Last modified on 8 July 2014, at 02:14

register

See also: Register

EnglishEdit

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Alternative formsEdit

EtymologyEdit

From Medieval Latin registrum, from Late Latin regesta (list, items recorded), from Latin regerere (to record, to carry back), from re- + gerere (to carry, bear). Compare Latin registoria (a treasurer). Some senses influenced by association with Latin regere (to rule).

PronunciationEdit

NounEdit

register (plural registers)

  1. A formal recording of names, events, transactions etc.
    The teacher took the register by calling out each child's name.
  2. A book of such entries.
    • Shakespeare
      As you have one eye upon my follies, [] turn another into the register of your own.
  3. An entry in such a book.
  4. The act of registering.
  5. A certificate issued by the collector of customs of a port or district to the owner of a vessel, containing the description of a vessel, its name, ownership, and other material facts. It is kept on board the vessel, to be used as evidence of nationality or as a muniment of title.
  6. One who registers or records; a registrar; especially, a public officer charged with the duty of recording certain transactions or events.
    a register of deeds
  7. A device that automatically records a quantity.
  8. The part of a telegraphic apparatus that automatically records the message received.
  9. (telecommunications) A list of received calls in a phone set.
  10. (computing) Part of the central processing unit used to store and manipulate numbers.
    • 1992, Michael A. Miller, The 68000 Microprocessor Family: Architecture, Programming, and Applications (page 47)
      When the microprocessor decodes the JSR opcode, it stores the operand into the TEMP register and pushes the current contents of the PC ($00 0128) onto the stack.
  11. (printing) The exact alignment of lines, margins and colors.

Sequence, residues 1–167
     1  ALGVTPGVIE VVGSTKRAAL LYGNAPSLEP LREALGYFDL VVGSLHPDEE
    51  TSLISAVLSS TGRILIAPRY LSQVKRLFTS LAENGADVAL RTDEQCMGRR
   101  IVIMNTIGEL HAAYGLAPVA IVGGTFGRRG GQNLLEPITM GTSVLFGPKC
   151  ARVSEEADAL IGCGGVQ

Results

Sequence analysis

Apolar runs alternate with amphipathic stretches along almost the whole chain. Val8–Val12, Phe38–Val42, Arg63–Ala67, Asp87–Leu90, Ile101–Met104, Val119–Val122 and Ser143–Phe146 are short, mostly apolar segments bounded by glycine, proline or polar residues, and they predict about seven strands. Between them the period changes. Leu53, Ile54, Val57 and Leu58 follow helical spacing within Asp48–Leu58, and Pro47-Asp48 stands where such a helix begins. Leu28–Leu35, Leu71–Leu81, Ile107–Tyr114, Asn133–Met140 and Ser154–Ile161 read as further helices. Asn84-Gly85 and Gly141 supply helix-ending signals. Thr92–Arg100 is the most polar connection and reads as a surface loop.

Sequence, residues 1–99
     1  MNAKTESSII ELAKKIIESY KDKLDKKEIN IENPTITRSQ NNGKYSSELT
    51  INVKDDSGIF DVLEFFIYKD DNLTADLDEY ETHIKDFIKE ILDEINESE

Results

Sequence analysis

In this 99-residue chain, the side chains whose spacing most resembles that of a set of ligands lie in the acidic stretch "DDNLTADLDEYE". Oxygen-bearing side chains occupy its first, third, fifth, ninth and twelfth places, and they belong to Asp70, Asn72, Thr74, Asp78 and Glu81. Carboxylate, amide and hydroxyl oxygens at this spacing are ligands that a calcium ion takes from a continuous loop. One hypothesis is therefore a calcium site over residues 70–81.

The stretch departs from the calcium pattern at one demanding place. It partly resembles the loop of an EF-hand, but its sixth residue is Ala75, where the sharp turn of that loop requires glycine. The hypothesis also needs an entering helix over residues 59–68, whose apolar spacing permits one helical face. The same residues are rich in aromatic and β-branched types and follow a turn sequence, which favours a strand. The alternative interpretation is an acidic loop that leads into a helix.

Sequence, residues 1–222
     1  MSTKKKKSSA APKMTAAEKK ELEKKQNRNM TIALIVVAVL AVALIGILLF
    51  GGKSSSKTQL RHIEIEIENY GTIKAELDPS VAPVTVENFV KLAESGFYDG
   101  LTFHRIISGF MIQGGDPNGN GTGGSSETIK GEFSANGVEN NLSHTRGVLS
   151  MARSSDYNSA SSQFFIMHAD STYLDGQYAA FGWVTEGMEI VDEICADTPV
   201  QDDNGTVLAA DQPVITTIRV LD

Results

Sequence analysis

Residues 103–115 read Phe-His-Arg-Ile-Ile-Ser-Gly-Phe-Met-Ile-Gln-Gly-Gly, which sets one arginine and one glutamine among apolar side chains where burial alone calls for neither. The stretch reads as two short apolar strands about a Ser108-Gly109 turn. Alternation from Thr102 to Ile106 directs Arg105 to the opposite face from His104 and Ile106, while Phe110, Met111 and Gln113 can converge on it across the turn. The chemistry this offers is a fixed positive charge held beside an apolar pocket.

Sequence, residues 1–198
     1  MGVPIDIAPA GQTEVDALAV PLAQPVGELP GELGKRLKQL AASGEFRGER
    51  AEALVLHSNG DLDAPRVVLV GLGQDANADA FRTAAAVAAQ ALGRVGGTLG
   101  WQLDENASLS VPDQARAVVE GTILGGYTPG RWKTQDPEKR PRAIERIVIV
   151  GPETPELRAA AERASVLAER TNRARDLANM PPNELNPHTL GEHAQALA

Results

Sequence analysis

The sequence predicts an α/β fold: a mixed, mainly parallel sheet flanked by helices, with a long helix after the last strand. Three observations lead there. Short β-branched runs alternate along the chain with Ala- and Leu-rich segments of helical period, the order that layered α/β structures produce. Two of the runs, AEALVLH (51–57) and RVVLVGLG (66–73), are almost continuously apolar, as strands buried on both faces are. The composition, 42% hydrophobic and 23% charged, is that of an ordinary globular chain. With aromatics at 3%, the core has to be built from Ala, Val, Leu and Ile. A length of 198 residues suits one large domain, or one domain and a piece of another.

12. (printing) The inner part of the mould in which types are cast.
  13. (music) The range of a voice or instrument.
  14. (music) An organ stop.
  15. (linguistics) A style of a language used in a particular context
    • My ex-boss used "let go", in the euphemistic register, when he sacked me.
    • 1988, Andrew Radford, chapter 5, Transformational grammar: a first course, Cambridge, UK: Cambridge University Press, page 275:
      It seems equally clear that the ‘Complement + Prepositionʼ order illustrated in (172) (a) is likewise highly marked, and hence subject to heavy restrictions on its use. And sure enough, this does indeed seem to be the case: for one thing, forms such as thereafter, herein, whereby are stylistically highly marked (e.g. they are only used in particular registers such as legal language).
  16. A grille at the outflow of a ventilation duct.
  17. (chiefly US) short form for cash register

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VerbEdit

register (third-person singular simple present registers, present participle registering, simple past and past participle registered)

  1. (transitive) To enter in a register.
  2. (transitive) To enroll, especially to vote.
    • 2008, Barack Obama, Letter to Vibe Magazine
      I am running for President to take this country in a new direction. But I can’t do it alone. I need you. Whether it’s the first time, or the first time in a long time, I need you to register and vote on November 4th.
  3. (transitive) To record, especially in writing.
    • 2011 November 3, Chris Bevan, “Rubin Kazan 1 - 0 Tottenham”, BBC Sport:
      Tottenham, who lost William Gallas to injury before the end, struggled to find any sort of response and did not register a single shot on target.
    • 1914, Jack London, The Mutiny of the Elsinore Chapter VII
      In every way dinner proved up beyond my expectations, and I registered a note that the cook, whoever or whatever he might be, was a capable man at his trade.
  4. (transitive) To express outward signs.
  5. (transitive, mail) To record officially and handle specially.
  6. (transitive, printing) To adjust so as to be properly aligned.
  7. (intransitive) To place one's name, or have one's name placed in a register.
  8. (intransitive) To enroll as a student.
  9. (intransitive) To make an impression.
  10. (intransitive) To be in proper alignment.
  11. (law) To voluntarily sign over for safe keeping, abandoning complete ownership for partial.

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SwedishEdit

PronunciationEdit

NounEdit

register n

  1. a register, a list, an index, a catalog, a directory, a database
  2. a machine that keeps a register, a cash register

DeclensionEdit

Related termsEdit